Hurrah for finally figuring out how to put anchors in my recipe index for easier searching! Hurrah for an award from Jacqueline! Hurrah for Sylvia eating smoothies, sausages and sweets! Hurrah for a happy positive start to this post even though I want to have a whinge!

    Last night I was planning to write up a post and was waylaid by the idea of putting anchors into my blog index. I found this post helpful for anyone who has also not known how to do it. Life has been busy as usual and so now that I have accomplished the anchors, I would catch up with some photos of good food we have eaten recently and a chat about having a vegetarian baby.

    But first I would like to thank Jacqueline of Tinned Tomatoes for her warm words that she sent to me with an award for brightening her day. I have already handed this award around so I will send you back to my recent award post rather than do another one...

    ....This post has been coming together so slowly (two conferences in a week has left me with far too little blogging time and energy) that I also must thank Ricki for sending me an award. I was delighted to get an award back from two of my favourite bloggers. Both Jacqueline and Ricki have written up fantastic posts full of gorgeous photos, generous descriptions and lots of links to more interesting blogs that I must check out (if I can ever get on top of my backlog!!!).

    I love hearing little updates on Jacqueline's gorgeous baby Cooper and I know she will be interested to hear about Sylvia. Ricki is very sympathetic about food intolerances and also takes a great interest in my little one so here is a little update for both of them and for anyone else with an interest in rearing a vegetarian baby.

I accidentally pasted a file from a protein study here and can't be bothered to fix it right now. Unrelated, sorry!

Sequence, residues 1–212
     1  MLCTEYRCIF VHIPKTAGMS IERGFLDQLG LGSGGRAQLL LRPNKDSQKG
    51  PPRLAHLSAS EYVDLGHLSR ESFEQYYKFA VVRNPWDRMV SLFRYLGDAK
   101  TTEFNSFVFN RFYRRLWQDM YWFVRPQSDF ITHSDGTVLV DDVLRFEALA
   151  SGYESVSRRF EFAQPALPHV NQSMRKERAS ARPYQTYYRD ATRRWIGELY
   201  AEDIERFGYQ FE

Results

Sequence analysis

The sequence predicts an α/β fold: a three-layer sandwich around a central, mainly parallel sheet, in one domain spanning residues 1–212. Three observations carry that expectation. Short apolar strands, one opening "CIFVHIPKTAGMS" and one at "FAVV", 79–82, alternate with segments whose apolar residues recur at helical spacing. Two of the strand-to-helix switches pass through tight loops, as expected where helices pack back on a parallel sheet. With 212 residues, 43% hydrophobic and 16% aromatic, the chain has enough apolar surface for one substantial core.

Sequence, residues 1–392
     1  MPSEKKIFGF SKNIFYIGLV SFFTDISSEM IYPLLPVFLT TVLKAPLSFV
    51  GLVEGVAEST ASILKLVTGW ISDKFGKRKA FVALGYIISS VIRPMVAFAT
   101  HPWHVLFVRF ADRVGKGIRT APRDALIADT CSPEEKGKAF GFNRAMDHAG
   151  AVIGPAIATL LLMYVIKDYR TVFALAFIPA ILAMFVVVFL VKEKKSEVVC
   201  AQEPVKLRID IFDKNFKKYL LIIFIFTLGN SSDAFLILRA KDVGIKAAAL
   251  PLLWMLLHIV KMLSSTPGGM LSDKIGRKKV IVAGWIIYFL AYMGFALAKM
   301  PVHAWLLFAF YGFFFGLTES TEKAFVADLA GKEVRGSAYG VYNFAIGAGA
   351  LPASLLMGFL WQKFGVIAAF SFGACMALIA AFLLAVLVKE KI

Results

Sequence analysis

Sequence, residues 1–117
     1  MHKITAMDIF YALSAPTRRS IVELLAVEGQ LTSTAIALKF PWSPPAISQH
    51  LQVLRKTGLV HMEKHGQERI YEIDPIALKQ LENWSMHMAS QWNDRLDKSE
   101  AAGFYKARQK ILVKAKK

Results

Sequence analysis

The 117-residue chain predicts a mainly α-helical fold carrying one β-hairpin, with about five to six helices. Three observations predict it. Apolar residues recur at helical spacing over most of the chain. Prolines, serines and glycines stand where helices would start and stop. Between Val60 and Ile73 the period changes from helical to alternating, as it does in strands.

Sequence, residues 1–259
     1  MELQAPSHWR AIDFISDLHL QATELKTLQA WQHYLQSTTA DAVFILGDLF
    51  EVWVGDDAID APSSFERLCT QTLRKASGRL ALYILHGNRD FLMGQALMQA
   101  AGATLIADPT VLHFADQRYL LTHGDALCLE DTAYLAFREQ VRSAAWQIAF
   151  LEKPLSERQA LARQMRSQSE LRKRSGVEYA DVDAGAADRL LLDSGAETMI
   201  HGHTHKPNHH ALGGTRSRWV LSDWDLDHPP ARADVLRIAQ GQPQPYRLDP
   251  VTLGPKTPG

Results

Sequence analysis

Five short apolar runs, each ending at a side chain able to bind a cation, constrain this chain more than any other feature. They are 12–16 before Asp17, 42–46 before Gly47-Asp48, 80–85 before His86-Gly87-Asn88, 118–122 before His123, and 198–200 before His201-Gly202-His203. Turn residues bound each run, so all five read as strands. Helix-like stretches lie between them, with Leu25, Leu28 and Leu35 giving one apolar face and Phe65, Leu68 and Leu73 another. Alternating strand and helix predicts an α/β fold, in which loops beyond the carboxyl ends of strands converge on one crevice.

Just before Sylvia had her first birthday we went to the maternal and child health nurse for her 12 month check. She asked me if I had any concerns. I said no. Maybe it was a trick question. By the time I had finished talking to her it seemed I should have many concerns about her diet. The nurse seemed quite horrified that she hadn't put on much weight and was no longer at the top of the chart with her weight despite still being above average weight. In retrospect I wish I had told the nurse that she was my main concern.

    I was made to feel that Sylvia was underfed and in danger of not developing well. But the nurse's irrational approach made me question how concerned I really should be. When I said that Sylvia didn't like milk and in fact I didn't like milk, she decided Sylvia was dairy intolerant. She told me I could try soy milk but I should be warned that she might be soy intolerant because about 50% of babies are. She obviously hadn't been listening when I had mentioned minutes before that Sylvia loves tofu. I came out feeling that the subtext was that my vegetarianism was just whacky and dangerous.